New York

New York


As New Yorkers turn to summer play in the Hamptons, the mood in the markets is decidedly less relaxed. Souring the outlook are debt crises across Europe, from Greece to Ireland, as well as a U.S. unemployment rate stuck at  9%. Meanwhile, the Obama administration is fighting with Congress over debt, budgets and taxation.

It is hard to see how this will end well. Since the beginning of the Great Recession, neither policymakers nor economists seem to have come to grips with the passing of the debt bomb. It is as if, in the last four years, debt has simply moved from over-leveraged homeowners in, say, Phoenix, to banks in New York, then to the U.S. government and now, Europe. Debt isn’t actually being paid down; it’s just being transferred from private to public hands. At the end of the day, someone will either have to pay it or everyone will have to take a write-down. Take Ireland, for example. The country has over $2 trillion in gross debt. This, in a place employing two million people with a population of some four and a half million and an unemployment rate close to 15 percent. Exactly how will the people of Ireland ever produce enough goods and services to pay off over $2 trillion of debt?  Isn’t default unavoidable? The hope across the developed world, of course, is that strong economic growth will resume, making it easier to shoulder the debt burden. That outcome isn’t certain. In her first news conference, Christine Lagarde, the new managing director of the International Monetary Fund, noted that the global economy is still fragile and recovery uneven. Japan and the U.S. have debt concerns as well as countries in the European Union.  “There are many issues that need to be addressed, those issues cannot wait for yet another summer holiday,” Lagarde told The Wall Street Journal.

Without growth, the increased debt burden, wherever it falls, is bound to lead to currency devaluations and eventually, inflation. That’s what’s already happened in the U.S. – inflation may be tamed for a while, but the dollar has weakened against the euro and British pound.  As Europe and the U.S. struggle through a hot summer with their debt issues, it will be interesting to see, come Fall, where the buck stops.

Such macro worries, however, are beyond the day-to-day chatter in the city that never sleeps. If one wants to engage in pure fantasy beyond the realm of Greek finance, best to visit the Metropolitan Museum’s Alexander McQueen exhibit. The cultural icon has put together a magnificent tribute to the late McQueen, who committed suicide at the age of 40 in 2010.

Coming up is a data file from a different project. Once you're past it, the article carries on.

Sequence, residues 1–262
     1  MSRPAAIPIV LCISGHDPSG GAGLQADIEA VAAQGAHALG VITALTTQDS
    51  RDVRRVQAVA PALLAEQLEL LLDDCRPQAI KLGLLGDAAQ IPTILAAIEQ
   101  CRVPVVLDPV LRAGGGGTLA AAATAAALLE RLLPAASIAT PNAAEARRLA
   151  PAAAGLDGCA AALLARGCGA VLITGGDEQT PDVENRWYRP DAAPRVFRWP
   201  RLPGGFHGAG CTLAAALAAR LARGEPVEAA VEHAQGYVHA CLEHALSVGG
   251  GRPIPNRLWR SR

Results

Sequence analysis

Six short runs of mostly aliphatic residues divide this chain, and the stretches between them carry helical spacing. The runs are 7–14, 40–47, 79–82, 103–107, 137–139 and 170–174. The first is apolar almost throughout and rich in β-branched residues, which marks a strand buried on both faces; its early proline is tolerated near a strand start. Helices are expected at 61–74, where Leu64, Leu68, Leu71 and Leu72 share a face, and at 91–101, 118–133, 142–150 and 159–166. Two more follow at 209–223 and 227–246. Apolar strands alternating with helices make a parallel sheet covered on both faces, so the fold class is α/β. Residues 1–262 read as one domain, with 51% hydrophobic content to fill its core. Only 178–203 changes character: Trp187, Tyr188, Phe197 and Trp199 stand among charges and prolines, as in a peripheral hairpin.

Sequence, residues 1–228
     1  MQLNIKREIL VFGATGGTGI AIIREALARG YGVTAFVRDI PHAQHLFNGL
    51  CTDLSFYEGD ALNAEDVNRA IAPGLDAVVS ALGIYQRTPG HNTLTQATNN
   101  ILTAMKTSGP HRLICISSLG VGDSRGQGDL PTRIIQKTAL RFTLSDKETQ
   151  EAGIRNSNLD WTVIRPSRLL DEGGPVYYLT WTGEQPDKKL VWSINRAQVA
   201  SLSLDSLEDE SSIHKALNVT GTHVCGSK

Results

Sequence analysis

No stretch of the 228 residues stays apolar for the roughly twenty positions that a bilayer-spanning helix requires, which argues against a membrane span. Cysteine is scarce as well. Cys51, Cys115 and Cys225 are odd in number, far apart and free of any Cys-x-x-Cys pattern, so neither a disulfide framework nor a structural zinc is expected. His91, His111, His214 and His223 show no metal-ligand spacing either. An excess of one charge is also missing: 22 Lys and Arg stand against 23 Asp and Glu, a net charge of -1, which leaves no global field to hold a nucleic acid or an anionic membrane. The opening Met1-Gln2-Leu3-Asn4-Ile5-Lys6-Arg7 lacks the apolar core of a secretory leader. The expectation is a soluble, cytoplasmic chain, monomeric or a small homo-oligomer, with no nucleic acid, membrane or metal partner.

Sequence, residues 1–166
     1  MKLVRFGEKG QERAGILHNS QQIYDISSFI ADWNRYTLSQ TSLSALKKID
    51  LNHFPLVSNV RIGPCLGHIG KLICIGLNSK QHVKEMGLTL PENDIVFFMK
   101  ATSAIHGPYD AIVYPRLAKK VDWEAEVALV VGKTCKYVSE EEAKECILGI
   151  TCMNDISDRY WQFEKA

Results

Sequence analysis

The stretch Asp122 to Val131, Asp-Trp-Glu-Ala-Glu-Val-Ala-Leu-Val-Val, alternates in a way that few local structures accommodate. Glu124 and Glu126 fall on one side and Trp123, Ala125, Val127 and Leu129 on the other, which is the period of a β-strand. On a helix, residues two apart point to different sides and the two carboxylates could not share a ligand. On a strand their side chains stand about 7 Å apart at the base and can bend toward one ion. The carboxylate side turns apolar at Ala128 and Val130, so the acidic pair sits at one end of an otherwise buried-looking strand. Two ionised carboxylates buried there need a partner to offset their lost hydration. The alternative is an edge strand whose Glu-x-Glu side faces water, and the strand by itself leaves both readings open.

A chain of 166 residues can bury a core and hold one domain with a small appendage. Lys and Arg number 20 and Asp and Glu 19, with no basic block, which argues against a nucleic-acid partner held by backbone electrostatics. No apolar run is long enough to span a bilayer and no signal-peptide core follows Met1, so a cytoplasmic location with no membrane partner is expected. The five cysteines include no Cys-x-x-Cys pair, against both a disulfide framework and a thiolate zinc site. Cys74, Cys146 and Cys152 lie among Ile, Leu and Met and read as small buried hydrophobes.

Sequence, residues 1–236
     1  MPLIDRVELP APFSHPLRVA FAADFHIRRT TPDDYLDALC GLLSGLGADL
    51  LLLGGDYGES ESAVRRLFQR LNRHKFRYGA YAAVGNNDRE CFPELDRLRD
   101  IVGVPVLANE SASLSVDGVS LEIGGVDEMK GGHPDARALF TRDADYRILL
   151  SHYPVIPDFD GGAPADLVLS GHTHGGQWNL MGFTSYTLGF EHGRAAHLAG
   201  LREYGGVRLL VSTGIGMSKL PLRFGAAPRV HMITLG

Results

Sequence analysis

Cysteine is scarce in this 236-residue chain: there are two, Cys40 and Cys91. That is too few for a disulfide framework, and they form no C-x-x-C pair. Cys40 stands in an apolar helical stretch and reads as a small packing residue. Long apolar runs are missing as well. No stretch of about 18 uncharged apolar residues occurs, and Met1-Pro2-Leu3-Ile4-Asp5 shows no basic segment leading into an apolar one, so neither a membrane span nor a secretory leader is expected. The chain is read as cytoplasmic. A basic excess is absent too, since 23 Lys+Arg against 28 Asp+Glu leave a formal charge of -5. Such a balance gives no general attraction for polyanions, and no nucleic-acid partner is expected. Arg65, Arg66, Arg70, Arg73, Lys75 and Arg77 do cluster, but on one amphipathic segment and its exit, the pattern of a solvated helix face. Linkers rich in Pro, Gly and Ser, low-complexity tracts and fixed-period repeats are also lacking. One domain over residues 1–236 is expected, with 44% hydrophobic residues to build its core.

This is far more than a fashion show. It’s probably the best performance art one could see. The show includes many creations that aren’t wearable, such as a dress made of balsa wood, as well as videos of his catwalks including the famous 2005 “It’s Only a Game,” in which the models play out a game of chess. The hologram of model Kate Moss in a flowing McQueen dress is also not to be missed.

The designs themselves push beyond mere dresses, skirts and jackets. They have a richness and quality closer to a combination of sculpture and oil painting. And although most aren’t practical, it’s easy to see how they could be. No wonder McQueen was considered a genius and earned four British Designer of the Year awards in 1996, 1997, 2001 and 2003 as well as the International Designer Award from the Council of Fashion Designers of America in 2003.The McQueen show, called “Savage Beauty,” is free to attend with the usual suggested admission donation at the museum. Because it’s so popular, however, there’s normally a line to get in. On a recent Sunday at 10 am, a half hour after the Met opened, folks still had to wait an hour to 45 minutes to be admitted.  It’s best to go during the week, if possible, near opening time at 9:30 am. The museum is closed on Mondays.

The good news is, if you must wait, you’ll have lots of fun people watching. Many McQueen aficionados showed off their style by, well, wearing McQueen.So you don’t actually have to get into the show to see evidence of his flair.

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